Searching for child care for your young children can be nerve-wracking. There are many things to take into consideration when looking! Common considerations tend to be safety, affordability, hours of operation, and proximity to work or home. One thing that may slip your mind is how the provider approaches potty training. This is important if you have a young child in the process of potty training or who will start potty training soon.
Most children start to show signs of being ready to potty train between 18 months and 2 years of age. If the child can communicate that they need to go, seems interested in the toilet, is able to get their pants up and down, and can stay dry for longer periods of time (around two hours), they may be ready to start. Many centers really start encouraging potty training around age 2.
Questions to ask
Child care centers with age-segregated rooms are likely a bit stricter and less flexible with their potty-training process. In-home providers will be a bit more lenient with potty training policies. Here are some helpful questions you can ask about potty training:
- Are their toilets easily accessible and of a reasonable size for the children to use?
- Do the teachers have a potty-training plan in place?
- Will peers also be potty training?
- Does the provider change diapers/try to get kids to use the restroom at certain times each day?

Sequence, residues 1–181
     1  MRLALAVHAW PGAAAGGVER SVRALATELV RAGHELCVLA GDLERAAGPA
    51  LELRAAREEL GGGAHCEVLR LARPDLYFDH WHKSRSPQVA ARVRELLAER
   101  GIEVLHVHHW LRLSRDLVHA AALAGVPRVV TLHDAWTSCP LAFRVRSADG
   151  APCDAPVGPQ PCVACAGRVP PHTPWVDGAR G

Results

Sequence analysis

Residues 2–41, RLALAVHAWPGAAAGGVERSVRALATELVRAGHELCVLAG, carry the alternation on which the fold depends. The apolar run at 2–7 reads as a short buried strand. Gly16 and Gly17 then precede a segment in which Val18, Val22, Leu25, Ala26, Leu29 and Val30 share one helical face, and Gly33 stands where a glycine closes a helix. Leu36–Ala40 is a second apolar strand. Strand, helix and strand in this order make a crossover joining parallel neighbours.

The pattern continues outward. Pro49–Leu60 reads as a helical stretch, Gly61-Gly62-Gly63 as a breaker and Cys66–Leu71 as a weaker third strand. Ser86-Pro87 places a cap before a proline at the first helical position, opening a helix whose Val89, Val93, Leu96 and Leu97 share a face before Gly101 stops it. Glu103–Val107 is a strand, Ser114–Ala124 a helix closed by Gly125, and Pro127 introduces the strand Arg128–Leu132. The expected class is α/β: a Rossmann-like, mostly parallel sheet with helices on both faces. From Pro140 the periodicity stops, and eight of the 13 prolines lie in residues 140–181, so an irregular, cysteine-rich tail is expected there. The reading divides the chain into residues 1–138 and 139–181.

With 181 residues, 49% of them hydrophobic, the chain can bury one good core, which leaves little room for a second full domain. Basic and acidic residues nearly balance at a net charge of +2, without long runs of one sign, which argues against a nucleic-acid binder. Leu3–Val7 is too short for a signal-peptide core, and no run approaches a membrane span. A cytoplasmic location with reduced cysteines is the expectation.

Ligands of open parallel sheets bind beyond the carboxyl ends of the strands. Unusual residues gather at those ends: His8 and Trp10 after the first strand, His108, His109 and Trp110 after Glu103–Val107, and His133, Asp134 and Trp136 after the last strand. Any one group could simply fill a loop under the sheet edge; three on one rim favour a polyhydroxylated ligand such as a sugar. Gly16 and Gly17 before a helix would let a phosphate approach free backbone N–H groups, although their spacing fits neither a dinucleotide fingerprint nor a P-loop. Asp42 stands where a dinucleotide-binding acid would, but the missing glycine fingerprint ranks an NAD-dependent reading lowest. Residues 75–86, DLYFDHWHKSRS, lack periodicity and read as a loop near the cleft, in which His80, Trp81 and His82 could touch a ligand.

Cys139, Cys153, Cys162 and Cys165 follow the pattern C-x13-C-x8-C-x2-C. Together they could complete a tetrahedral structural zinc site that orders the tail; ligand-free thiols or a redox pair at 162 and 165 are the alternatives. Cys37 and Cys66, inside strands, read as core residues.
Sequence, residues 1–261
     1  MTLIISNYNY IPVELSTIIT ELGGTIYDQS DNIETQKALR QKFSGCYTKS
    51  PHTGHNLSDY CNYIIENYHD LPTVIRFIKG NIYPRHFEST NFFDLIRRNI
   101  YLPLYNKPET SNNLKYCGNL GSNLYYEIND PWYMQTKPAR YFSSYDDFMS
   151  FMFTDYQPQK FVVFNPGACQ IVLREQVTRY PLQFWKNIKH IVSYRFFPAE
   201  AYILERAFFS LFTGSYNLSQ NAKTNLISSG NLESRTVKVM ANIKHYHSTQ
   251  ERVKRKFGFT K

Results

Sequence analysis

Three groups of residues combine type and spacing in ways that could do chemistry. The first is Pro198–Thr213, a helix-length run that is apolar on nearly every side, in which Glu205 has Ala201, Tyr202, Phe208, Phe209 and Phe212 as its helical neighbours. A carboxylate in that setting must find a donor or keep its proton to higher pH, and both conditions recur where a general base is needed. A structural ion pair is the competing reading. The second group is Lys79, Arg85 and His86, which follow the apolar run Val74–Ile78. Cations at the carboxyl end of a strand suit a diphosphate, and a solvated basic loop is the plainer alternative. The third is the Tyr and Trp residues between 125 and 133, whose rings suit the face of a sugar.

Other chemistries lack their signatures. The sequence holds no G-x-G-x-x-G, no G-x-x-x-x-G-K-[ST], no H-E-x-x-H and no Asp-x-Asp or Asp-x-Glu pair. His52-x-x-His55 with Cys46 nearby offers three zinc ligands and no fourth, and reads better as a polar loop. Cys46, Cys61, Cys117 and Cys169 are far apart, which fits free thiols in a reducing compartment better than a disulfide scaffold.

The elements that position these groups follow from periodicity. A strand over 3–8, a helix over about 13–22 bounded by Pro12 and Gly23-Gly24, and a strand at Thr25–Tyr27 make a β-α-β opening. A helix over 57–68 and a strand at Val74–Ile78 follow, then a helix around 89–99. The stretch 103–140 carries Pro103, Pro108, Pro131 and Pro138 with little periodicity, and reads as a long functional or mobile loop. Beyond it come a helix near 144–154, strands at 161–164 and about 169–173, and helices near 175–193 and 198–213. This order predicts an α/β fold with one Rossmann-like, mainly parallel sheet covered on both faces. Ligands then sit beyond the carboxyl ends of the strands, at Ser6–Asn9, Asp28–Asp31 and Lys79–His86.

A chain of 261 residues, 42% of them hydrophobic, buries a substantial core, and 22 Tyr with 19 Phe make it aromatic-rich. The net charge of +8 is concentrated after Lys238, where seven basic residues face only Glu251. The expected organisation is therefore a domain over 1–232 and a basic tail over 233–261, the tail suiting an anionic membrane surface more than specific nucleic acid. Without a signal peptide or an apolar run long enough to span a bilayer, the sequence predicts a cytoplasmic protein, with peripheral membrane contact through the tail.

- Are kids able to get to the toilet quickly if needed?
- How is the provider willing to work with the child as they start and continue the process?
- Do they use any type of reward system?
Important tips once you make your decision
It is vital that parents and providers work together to make potty training a success. Child care centers and most experienced in-home providers have experience in this difficult process and may actually have more knowledge and suggestions to help than the parents do. It is important to stay consistent. Consistency with young children is necessary in order to be successful.
Dress your child in a way that encourages potty training. Onesies that snap are not conducive for potty training. Bottoms that are easy to pull up and down are the best thing to wear. Also, remember to send clothes with your child. Accidents will happen—that is a given. Be sure to send several changes of clothes for when they do. It may be a good idea to send some pull-ups as backup for nap time or particularly rough days.
When looking for child care for your young child, be sure to ask about potty training! Having a plan ahead of time and knowing how your provider handles this process will make it smoother and less stressful on everyone. Contact a child care center like Tomorrow's Child Preschool for more information.